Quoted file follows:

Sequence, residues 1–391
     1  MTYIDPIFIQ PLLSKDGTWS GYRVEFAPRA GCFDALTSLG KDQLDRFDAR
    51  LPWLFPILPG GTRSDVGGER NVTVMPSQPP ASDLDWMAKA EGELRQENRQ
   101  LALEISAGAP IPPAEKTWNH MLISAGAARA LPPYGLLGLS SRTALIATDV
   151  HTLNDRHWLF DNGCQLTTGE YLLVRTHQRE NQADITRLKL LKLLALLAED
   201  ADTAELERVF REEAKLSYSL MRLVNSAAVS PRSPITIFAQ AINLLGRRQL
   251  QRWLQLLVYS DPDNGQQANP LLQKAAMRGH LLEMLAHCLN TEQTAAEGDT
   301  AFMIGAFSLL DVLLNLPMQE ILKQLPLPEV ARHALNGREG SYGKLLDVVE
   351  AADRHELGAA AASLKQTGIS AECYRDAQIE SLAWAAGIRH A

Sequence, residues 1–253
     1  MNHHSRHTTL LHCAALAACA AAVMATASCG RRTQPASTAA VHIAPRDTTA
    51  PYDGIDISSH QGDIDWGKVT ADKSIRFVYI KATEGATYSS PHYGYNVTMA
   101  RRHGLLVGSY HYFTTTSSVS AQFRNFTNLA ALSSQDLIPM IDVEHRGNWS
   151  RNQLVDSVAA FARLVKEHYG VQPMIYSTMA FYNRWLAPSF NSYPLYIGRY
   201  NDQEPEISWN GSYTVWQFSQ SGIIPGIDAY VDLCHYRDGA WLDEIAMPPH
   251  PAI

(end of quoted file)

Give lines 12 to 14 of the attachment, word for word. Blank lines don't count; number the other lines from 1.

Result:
    51  PYDGIDISSH QGDIDWGKVT ADKSIRFVYI KATEGATYSS PHYGYNVTMA
   101  RRHGLLVGSY HYFTTTSSVS AQFRNFTNLA ALSSQDLIPM IDVEHRGNWS
   151  RNQLVDSVAA FARLVKEHYG VQPMIYSTMA FYNRWLAPSF NSYPLYIGRY